High school, as most known, is the ultimate stress factor in the life of a teenager. Constantly, students are bombarded with overwhelming assignments, going to part or full-time jobs, handling extracurricular clubs, and so many other activities. All of these engagements contribute a significant amount of stress and pressure to a student’s life… so it seems that stress is completely inevitable, right?
Not under my watch. As a high school student myself, I too am often pressured under all of the work that I have to do and sometimes wonder how I am going to get everything done. After living in the realm of high school for two full years, I have generated five “De-stress” tools that have helped me balance and control my high school schedule. Students at Garnet Valley High School will certainly feel more confident, less overwhelmed, and have happier attitudes if they begin to incorporate these five tips into their daily lives.
De-Stressor #1: Time Management
The concept of time management has truly helped me succeed as a student throughout the years. I am very Type A and tend to study way too many hours for the same class over and over again. But what I have started to learn my junior year of high school is that simply going over the same material for hours at a time is more of a hurt than it is a help. Overstudying often causes students to blend certain concepts and material from one class with other material from that exact same class, and by doing so, they become confused and question information that they had known to the dot days before. This overstudying process can also manipulate students into reading too in-depth into the material; often times when this issue occurs, students struggle on exams and assignments because they have overly specific, unnecessary details engrained in their minds and the basic reviewing material has been pushed to the back of their brains where it has difficulty resurfacing. Many students that have experienced “overstudying mode” are well aware that tests they overstudied for often do not produce the best results; these students should have stopped studying once they understood the reviewing material rather than digging a ditch for themselves and finding they cannot climb out of it. Time management is key and plays a role in balancing all of the activities that high school students are a part of.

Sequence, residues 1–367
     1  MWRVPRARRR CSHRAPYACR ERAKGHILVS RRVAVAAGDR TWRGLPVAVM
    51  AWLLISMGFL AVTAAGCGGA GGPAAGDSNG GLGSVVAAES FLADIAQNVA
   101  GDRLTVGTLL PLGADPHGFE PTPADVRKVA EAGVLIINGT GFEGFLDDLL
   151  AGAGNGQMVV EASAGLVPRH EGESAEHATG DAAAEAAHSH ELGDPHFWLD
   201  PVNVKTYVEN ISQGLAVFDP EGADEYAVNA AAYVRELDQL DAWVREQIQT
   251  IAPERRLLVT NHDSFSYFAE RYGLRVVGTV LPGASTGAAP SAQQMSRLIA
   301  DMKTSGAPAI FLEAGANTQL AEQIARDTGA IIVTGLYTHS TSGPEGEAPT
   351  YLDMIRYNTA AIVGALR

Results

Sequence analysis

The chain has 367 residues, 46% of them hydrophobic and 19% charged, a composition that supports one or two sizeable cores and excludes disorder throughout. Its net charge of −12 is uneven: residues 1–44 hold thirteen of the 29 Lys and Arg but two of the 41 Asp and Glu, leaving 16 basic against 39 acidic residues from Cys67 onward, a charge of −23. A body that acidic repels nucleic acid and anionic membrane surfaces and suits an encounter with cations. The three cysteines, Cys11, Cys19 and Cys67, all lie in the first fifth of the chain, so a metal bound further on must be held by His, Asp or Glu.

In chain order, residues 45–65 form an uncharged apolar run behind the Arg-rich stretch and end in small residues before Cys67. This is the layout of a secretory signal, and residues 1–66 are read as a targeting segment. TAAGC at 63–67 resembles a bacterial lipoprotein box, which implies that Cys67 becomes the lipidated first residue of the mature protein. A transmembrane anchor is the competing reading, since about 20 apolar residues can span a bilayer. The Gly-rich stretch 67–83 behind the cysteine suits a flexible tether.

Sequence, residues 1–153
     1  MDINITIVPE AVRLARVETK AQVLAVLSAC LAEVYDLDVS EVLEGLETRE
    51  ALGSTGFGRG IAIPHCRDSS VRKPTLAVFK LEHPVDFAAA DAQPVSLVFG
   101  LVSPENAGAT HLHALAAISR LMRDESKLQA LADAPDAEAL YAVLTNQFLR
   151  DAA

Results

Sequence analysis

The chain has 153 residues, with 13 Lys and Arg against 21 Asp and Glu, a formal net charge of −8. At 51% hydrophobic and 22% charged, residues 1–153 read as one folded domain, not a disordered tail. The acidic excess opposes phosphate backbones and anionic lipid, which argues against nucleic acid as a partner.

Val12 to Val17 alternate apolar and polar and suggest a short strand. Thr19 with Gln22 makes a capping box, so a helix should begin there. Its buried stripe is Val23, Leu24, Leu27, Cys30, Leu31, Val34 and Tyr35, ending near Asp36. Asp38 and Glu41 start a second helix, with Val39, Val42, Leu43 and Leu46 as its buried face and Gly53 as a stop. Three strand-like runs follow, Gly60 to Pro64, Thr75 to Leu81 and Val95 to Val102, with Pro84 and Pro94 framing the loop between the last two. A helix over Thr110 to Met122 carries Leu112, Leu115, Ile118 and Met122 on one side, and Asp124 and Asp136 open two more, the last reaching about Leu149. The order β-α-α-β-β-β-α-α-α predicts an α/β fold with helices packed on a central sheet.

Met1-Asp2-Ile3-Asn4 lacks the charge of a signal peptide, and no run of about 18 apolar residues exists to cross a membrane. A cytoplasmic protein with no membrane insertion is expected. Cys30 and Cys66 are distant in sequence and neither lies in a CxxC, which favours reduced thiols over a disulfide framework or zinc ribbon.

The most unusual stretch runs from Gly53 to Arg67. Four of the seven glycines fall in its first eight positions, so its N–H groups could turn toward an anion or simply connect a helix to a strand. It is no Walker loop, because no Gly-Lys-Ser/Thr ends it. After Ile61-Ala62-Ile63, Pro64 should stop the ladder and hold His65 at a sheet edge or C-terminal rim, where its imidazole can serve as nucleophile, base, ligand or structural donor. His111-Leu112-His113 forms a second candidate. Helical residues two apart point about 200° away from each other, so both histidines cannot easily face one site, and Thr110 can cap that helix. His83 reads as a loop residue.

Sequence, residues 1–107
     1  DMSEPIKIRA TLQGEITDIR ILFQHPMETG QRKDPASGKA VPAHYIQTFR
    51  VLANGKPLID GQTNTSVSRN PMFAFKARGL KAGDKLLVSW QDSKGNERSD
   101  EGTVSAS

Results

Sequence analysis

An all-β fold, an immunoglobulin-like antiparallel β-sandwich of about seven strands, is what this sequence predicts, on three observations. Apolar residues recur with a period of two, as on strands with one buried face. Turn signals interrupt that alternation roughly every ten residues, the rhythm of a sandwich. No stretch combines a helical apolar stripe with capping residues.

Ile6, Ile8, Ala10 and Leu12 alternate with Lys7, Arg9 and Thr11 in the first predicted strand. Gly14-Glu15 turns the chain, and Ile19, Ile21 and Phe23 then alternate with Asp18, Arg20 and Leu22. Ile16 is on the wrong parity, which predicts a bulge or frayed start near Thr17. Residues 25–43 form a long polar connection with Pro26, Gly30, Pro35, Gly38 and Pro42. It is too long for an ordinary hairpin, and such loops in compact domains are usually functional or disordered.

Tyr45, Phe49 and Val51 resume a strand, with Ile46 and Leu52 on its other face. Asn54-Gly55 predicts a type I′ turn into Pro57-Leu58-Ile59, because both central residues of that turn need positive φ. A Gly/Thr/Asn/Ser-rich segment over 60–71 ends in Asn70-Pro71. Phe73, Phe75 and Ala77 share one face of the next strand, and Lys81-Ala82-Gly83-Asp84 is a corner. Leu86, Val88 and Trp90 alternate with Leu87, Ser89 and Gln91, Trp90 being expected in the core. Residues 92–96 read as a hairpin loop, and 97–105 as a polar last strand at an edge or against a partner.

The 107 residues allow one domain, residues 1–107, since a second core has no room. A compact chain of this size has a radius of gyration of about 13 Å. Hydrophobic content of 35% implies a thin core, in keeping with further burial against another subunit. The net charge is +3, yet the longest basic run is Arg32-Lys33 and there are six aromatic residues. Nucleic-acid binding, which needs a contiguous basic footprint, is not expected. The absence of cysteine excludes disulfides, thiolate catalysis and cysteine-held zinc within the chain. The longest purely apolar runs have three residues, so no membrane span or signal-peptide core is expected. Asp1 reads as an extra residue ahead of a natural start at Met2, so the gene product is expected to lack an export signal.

Let us say, for example, that a student plays volleyball, is part of Interact Club, and has AP Biology, Precalculus, and Honors English for his or her core subjects for the fall semester. This student appears to have a very overwhelming schedule, but it is only overwhelming if he or she makes it that way. Instead of the student spending four hours studying for AP Biology and stressing how he or she is going to fit the three hours of community service in for that night along with two hours of volleyball, the student could time manage. How about two hours for AP Biology of progressive study rather than two hours of studying and two hours of reviewing the exact same material? That way the student will have time to get his or her other schoolwork, sport, and service completed without feeling as pressured. What I have learned from being at the high school is that achieving success on tests and in classes does not result from how long one studies but rather how comprehensively he or she studies. Students will be able to much more easily balance their lives once they realize that shorter, deliberate study is more practical and will lead them to more success than long, monotonous study.
De-Stressor #2: Take Breaks
It is important for high school students to take breaks during study time. Five or ten minutes of pause between schoolwork is critical in the act of lowering stress. The pause could simply be heading into the kitchen for a snack or standing up and walking around to increase blood flow. Even closing one’s eyes and taking deep breaths will relieve any tension and pressure. Many high school students feel that taking breaks will hinder their studying progress, but these pauses are actually more beneficial than not pausing at all. By taking breaks in between studying, not only do students feel less stressed afterward but their brains have time to process all of the information from their studying and the ability to retain and recall that material for upcoming exams and assignments becomes rapidly easier.
De-Stressor #3: Studying Notes Aloud